Dolls were the 'little friends' that helped this artist through residential school

For seven-year-old Helen Iguptak, making her dolls was a meaningful way to reclaim her proud Inuk identity while adrift in a powerful sea of whitewashing.

Helen Iguptak began making her dolls when she was seven years old — and now she's teaching the next generation

Helen Iguptak began making her dolls when she was seven years old. Decades later, she still shows her fascination with them. 4:06

Helen Iguptak is an artist living in Rankin Inlet, Nunavut. Her specialty is making Kivalliq dolls — and there's a deeply personal history behind that.

Iguptak's practice of creating dolls began at Chesterfield Inlet Residential School (also known as Turquetil Hall) when she was seven years old. Her close friend taught her the basics of Kivalliq Inuit dollmaking, a centuries-old practice for Inuit people from the Kivalliq region. Creating dolls allowed children to learn important skills like sewing clothing for family members — but for seven-year-old Iguptak, making her dolls was also a meaningful way to reclaim her proud Inuk identity while she was adrift in a powerful sea of whitewashing at her residential school.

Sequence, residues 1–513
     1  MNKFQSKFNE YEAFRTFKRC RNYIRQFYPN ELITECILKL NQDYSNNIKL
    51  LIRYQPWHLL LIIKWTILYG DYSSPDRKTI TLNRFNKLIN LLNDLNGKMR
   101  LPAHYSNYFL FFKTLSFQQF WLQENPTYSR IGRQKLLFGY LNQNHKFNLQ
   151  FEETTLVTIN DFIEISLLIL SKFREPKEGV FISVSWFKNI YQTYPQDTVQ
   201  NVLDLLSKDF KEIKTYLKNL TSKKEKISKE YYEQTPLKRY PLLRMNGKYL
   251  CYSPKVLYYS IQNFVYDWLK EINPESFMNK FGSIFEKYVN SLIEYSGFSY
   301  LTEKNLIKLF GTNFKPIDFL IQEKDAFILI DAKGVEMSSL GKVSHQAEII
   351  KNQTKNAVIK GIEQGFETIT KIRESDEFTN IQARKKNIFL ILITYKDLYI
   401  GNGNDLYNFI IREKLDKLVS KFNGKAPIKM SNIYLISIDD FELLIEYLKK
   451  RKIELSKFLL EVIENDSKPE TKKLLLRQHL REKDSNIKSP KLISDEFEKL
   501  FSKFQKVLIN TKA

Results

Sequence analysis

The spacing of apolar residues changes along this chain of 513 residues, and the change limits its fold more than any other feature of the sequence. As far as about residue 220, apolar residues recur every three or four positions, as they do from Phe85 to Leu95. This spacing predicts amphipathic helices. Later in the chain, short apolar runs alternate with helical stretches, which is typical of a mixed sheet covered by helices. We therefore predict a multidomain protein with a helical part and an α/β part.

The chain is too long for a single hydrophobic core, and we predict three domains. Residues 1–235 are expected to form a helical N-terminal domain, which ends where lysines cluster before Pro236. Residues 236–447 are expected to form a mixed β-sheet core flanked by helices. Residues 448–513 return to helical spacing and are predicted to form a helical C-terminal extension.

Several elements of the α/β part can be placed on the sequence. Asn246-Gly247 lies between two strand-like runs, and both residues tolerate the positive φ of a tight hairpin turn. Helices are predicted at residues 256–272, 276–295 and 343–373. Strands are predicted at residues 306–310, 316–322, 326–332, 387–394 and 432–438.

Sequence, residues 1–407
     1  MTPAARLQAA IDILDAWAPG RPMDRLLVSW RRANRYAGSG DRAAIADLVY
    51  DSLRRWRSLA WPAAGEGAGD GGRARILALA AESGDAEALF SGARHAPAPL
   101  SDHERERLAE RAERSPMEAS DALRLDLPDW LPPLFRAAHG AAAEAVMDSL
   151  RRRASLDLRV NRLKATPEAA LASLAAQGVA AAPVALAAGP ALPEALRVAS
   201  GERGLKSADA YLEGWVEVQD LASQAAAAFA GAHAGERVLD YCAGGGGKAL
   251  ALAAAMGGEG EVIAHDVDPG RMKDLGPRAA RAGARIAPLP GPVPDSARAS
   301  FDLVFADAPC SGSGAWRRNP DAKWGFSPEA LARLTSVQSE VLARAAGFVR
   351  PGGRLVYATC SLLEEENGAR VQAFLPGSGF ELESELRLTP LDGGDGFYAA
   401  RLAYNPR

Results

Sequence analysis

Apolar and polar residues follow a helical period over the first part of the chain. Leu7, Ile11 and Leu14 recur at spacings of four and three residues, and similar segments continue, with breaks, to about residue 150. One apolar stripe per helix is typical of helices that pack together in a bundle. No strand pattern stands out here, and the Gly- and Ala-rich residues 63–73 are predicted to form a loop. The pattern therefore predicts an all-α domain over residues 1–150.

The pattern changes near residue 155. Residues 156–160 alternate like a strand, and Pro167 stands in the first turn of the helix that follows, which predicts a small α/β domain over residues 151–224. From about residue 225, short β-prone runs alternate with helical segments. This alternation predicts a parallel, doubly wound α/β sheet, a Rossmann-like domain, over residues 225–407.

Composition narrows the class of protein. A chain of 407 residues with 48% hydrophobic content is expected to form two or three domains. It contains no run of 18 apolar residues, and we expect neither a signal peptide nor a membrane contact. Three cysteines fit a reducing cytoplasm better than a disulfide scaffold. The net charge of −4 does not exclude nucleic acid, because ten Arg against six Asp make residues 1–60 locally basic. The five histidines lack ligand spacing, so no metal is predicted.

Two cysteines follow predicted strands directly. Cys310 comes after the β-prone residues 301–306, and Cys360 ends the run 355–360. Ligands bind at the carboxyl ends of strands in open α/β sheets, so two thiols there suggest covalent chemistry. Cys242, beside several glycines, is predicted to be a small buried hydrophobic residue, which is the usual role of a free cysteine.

Iguptak and her friend were part of the last generation of children to use Inuit play-dolls — until now.

(CBC Arts)

In 1992, Iguptak used her well-worked and aging hands to revisit her youth, creating a doll for the first time since residential school. And her fingers had a better memory than she thought. Now in her 70s, Iguptak is still making dolls with materials like muskox hair, sheepskin parkas and caribou pants with polyester stuffing. And her dollmaking has an important role in her community as she uses her gift to teach the next generation Inuit stories and legends through craft.

In this video, you'll meet Iguptak as she shows you some of the elements of her dolls, which now travel the world (and were even featured at the 2010 Winter Olympics in Vancouver).

Watch CBC Arts: Exhibitionists online or on Friday nights at 12:30am (1am NT) and Sundays at 3:30pm (4pm NT) on CBC Television.

About the Author

Corinne Dunphy is a Nova Scotian documentary filmmaker and graduate of NSCAD University (BFA) and Ryerson University (MFA in documentary media). Her film “Well Fished” has been screened at over 30 festivals on an international spectrum. She is currently living in Iqaluit, Nunavut. She uses stories to engage, educate and help foster social change. As a visual storyteller, Dunphy gravitates towards everyday characters and trusts that character-driven documentaries can speak volumes on larger social issues. She is influenced and inspired by her travels, Betty Crocker cookbooks and Edward Gorey.